Risk assessments should be carried out to assess the risks involved in working at height. This should be done prior to staff carrying out the task. In addition, staff should always think of their personal safety and assess the risk from what they propose to do. Employers guidelines should always be adhered to. The most common incidents involve over-reaching; over-balancing; equipment failure; misuse of equipment; unexpected movement – particularly where ladders are involved; and the failure of a fragile surface. Staff can minimise risk and offer more protection to themselves by bearing in mind the following guidelines.
Working at height: important points to consider
Displays: prepare displays as far as possible before putting them up. It is important to note that the NEU advises teachers to use professional judgement in deciding whether the setting up and maintenance of displays is a task which is more appropriately undertaken by support staff colleagues, or whether it is a task which requires their own professional skills. It is important to note that taking down displays and putting coloured paper on the wall, prior to setting up the display, should not be viewed as part of the teacher’s role.
Use suitable equipment: school furniture is not suitable for standing on and all schools should have suitable equipment for working at height, eg ‘kick-step’ type stools, properly designed and maintained low steps and poles for opening high windows. If you cannot reach without over-stretching, you should ask for help from a premises manager or caretaker. If there are insufficient numbers of window poles or kick-step stools in your school, ask for more. Staff meetings are a good opportunity to raise issues such as lack of equipment or lack of access to equipment.
Maintenance/lack of equipment: poor maintenance, such as damaged window mechanisms, could create hazards and should be reported. If you are worried about the lack of equipment or its poor quality, you should inform your head teacher or NEU safety representative.
Footwear: wear suitable footwear.
Stairways and slopes
- Flooring: floor surfaces should be suitable. Floors should be regularly checked for damage and problems dealt with immediately. Any mats should be securely fixed.
- Obstructions: obstructions should be removed or suitable barriers and/or warning notices used.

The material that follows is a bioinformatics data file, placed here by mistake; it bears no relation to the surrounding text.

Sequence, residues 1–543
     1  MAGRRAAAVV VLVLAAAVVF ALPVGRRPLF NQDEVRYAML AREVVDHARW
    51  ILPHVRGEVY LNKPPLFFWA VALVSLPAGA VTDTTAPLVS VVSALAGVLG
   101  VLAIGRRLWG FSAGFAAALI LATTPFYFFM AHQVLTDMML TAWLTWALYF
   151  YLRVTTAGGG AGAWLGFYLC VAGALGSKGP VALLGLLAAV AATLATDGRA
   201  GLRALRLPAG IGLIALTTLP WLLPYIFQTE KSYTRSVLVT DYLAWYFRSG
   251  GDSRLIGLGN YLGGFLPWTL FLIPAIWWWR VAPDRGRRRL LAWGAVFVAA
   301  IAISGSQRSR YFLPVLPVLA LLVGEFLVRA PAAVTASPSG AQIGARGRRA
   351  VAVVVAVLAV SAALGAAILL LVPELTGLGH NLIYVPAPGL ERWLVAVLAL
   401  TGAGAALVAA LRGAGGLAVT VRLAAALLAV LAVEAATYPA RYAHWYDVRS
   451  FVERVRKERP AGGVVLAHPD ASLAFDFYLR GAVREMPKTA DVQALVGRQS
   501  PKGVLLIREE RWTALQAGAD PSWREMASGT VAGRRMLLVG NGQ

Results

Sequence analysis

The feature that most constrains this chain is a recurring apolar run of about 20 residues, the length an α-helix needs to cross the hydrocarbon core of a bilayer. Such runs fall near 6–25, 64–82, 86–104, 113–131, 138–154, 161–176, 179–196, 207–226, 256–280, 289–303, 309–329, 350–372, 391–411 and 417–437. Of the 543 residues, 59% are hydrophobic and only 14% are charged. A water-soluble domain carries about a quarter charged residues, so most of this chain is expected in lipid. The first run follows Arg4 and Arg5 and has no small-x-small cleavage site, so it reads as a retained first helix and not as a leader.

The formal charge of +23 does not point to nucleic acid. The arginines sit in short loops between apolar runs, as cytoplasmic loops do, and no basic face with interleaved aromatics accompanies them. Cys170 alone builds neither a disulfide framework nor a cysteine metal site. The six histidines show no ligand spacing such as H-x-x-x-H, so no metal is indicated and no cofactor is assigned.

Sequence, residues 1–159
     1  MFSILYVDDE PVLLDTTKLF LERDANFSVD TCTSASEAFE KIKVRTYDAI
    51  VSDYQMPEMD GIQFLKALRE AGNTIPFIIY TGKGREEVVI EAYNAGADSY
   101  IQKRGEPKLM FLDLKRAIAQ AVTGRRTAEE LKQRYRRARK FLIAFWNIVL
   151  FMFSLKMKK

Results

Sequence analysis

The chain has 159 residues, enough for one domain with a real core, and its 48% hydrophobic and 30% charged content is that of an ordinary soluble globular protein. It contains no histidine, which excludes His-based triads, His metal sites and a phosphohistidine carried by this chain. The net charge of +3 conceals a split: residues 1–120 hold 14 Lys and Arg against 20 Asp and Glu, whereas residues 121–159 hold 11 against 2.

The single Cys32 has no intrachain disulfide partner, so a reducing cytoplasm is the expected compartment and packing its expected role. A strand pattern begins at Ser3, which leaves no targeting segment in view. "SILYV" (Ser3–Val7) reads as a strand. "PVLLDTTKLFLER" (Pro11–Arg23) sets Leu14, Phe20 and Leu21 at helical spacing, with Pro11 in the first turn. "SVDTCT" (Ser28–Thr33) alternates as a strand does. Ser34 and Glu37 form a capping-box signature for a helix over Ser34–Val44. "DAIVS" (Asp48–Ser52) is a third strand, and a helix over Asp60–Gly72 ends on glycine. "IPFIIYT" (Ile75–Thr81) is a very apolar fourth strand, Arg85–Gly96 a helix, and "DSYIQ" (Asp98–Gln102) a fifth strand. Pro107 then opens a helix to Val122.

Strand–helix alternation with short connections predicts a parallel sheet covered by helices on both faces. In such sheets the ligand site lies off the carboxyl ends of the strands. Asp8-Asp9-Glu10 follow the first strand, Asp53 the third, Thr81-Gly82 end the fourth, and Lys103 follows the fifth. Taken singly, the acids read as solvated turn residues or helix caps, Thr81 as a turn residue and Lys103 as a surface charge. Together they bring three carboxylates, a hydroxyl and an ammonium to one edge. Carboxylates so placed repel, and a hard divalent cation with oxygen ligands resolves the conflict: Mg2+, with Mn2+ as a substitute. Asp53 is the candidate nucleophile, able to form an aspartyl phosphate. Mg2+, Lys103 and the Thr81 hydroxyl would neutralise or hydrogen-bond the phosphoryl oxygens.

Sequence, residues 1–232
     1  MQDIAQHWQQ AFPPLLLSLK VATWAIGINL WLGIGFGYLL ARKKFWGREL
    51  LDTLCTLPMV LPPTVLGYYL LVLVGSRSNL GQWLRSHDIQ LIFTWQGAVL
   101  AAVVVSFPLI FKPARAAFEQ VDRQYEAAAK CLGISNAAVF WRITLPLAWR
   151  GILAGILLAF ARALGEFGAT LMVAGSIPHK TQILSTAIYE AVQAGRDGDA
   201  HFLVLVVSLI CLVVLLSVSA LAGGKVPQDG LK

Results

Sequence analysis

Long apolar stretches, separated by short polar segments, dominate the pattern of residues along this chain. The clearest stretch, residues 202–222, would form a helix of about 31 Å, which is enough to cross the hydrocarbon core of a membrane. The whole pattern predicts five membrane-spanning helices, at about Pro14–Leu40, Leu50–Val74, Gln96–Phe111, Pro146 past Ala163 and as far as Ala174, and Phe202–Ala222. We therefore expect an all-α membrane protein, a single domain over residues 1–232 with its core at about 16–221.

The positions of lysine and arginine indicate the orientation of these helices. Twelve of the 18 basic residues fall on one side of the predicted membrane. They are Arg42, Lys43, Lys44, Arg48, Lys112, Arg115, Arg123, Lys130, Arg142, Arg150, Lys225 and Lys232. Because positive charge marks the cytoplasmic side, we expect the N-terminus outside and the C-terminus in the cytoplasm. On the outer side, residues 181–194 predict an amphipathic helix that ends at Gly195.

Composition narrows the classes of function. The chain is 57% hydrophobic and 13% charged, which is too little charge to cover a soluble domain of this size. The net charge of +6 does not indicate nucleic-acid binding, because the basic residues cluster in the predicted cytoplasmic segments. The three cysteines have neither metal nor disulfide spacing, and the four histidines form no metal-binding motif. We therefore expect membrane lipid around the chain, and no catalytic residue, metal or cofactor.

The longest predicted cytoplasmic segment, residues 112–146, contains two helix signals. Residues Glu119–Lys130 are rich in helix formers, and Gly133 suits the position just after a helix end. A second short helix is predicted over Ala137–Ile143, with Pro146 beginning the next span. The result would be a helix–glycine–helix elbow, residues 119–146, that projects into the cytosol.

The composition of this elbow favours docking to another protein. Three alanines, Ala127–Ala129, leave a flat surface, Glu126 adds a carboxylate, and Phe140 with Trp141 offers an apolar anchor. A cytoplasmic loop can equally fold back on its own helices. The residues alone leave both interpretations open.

- Lighting: lighting should be sufficient. Handrails and floor markings should be available where necessary.
- Spillages: work methods should minimise slippages. Spills should be cleaned up immediately. Alternative routes should be available or warning signs used when the stairs or slope is wet and slippery.
Reporting and investigating accidents
Where accidents do occur, it is essential that they are immediately reported to management and the causes of every accident are investigated. In this way, lessons can be learned for the future and steps taken to improve procedures and precautions where appropriate. Safety representatives may also wish to exercise their statutory rights to investigate health and safety issues where accidents occur.
Accidents should be reported externally to the local authority/academy trust and, in the case of accidents which result in death or major injury or which result in an employee being off work for more than seven days, the HSE. This can be done online at: hse.gov.uk/riddor/when-do-i-report.htm
This is a change from pre-2013 Reporting of Injuries, Diseases and Dangerous Occurrences Regulations (RIDDOR) as previously any work-related injuries which caused three or more days absence from work needed to be reported. Now such injuries must be recorded by the employer and reported to the HSE if the absence reaches seven days.
NEU members in England who are involved in accidents should also contact the NEU Adviceline on 0345 811 8111 for advice on steps to be taken in case any claim is later necessary for industrial injury benefits or damages. In Wales, contact NEU Cymru on 029 2046 5000; in Northern Ireland 028 9078 2020.
Action points for safety reps
- Check that appropriate measures are in place to reduce falls from height accidents and that procedures are known to all staff and pupils.
- Make sure appropriate arrangements are also in place for the reporting and investigation of accidents which do occur.
- HSE Working at Height: A brief guide
- HSE Working from Height
- The HSE website also provides guidance on slips and trips in education which is available at here. This has information for employers on their requirements under the law, causes of and solutions to slips and trips in education.